In the December 5, 2010 Pittsburgh Post Gazette newspaper, there was an article entitled “Jail Population Dropping in County and Nation”. The gist of the article was that local jail populations are declining in both Allegheny County and throughout the Country, according to a study released by the Pew Charitable Trust.

The question is why jail populations are dropping and the answer is obvious. The article indicates the high cost of keeping people in jail is the biggest reason for the drop.

How did we get in this situation? One of the biggest reasons is that laws were passed over the last twenty years dealing with certain mandatory sentences. Politicians want to get re-elected. Nothing is more popular or easier to say than a State Representative or lawmaker stating, “I am tough on crime and I voted for increased jail terms for certain offenses”. Who could argue with that? It just sounds so right. After all there is no lobby for defendants who have been convicted of certain offenses to counter this type of approach.

So what was the result of all this? Laws were then passed that severely limited and restricted what judges could or could not do to any person who was convicted of a certain offense. If the law says that a person convicted of drunk driving must do jail time, then the judge is required to sentence that individual to jail time for the offense.

The same thing happened on the federal level where U.S. District Court judges had severe limitations placed upon them on what they could sentence an individual to, who was convicted of a certain type of offense. Mandatory sentences basically took away most of the discretion of the Court to fathom a sentence that was fair under the circumstances. Just about everyone is aware of cases where a judge was required to send someone to prison for a long term as a result of a conviction on a charge like retail theft because of the individual’s prior record.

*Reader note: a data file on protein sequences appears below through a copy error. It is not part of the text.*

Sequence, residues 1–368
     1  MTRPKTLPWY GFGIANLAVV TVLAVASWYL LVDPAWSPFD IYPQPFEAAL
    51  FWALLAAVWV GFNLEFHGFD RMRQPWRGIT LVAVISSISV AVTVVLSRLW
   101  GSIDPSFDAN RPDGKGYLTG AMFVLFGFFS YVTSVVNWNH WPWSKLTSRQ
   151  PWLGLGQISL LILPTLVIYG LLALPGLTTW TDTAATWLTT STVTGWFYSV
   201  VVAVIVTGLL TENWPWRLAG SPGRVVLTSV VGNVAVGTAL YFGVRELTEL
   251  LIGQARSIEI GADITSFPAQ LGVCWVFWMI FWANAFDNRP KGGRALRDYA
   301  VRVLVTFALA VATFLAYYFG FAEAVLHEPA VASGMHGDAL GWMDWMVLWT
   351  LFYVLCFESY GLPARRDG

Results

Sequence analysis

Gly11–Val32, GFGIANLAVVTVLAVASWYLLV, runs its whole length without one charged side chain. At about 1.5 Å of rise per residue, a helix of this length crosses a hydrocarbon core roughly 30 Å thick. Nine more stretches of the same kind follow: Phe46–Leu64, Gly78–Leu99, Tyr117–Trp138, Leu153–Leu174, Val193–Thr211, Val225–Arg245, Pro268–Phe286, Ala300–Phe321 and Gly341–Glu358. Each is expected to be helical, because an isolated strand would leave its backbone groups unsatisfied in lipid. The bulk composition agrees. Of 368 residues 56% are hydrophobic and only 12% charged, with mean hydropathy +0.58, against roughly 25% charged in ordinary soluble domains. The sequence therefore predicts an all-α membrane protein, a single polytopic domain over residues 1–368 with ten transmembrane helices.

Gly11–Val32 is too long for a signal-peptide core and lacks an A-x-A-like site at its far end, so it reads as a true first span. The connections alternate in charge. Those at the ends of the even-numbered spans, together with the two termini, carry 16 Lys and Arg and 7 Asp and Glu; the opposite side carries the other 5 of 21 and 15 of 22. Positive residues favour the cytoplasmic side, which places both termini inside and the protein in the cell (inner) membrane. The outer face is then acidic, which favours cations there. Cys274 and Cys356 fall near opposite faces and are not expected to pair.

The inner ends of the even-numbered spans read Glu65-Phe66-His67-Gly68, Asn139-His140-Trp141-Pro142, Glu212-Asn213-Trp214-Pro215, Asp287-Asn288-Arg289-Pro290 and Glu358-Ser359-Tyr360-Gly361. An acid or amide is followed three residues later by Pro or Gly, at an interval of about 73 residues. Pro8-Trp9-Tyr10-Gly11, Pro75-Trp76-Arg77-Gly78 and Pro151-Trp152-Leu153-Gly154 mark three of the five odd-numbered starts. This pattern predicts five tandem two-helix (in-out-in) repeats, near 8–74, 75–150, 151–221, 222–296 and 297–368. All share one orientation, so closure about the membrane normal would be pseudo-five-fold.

Even though the theft involved an item worth about $50, sometimes the Court had to sentence such an individual to a mandatory lengthy prison term. Again, it was because of the mandatory sentencing laws that were passed for offenses including drunk driving, robbery and certain drug offenses.

What has happened, though, since then, has been a recognition by officials that the cost of housing these individuals is just overwhelming and is leading to increases in taxes for the citizens. We simply cannot keep building more and more jails to house individuals who are convicted of certain offenses like drunk driving. Therefore, an approach was developed in Allegheny County and basically throughout the nation, to look to alternative housing for individuals who are convicted of certain types of offenses, again, like drunk driving or certain drug offenses.

House arrest is probably the biggest alternative to jail sentencing available to officials for certain mandatory crimes. In house arrest, the individual who is convicted of the crime still is sentenced to the mandatory law but instead of serving his sentence in jail, he spends it confined to his house for the period of incarceration that the sentence runs.

Additionally, in almost all cases the individual is given the opportunity to continue to work even though he is on house arrest for his crimes. This allows the person to continue to pay his fines and costs and taxes and continue to be a productive member of society.

This study points out the dilemma facing officials in dealing with crimes. Allowing alternative programs like house arrest for persons convicted of crimes, including drunk driving and possession of certain drugs, seems to be the sensible approachto go in order to balance the competing interests involved in this issue.

What do you think? We welcome comments from anyone regarding this blog.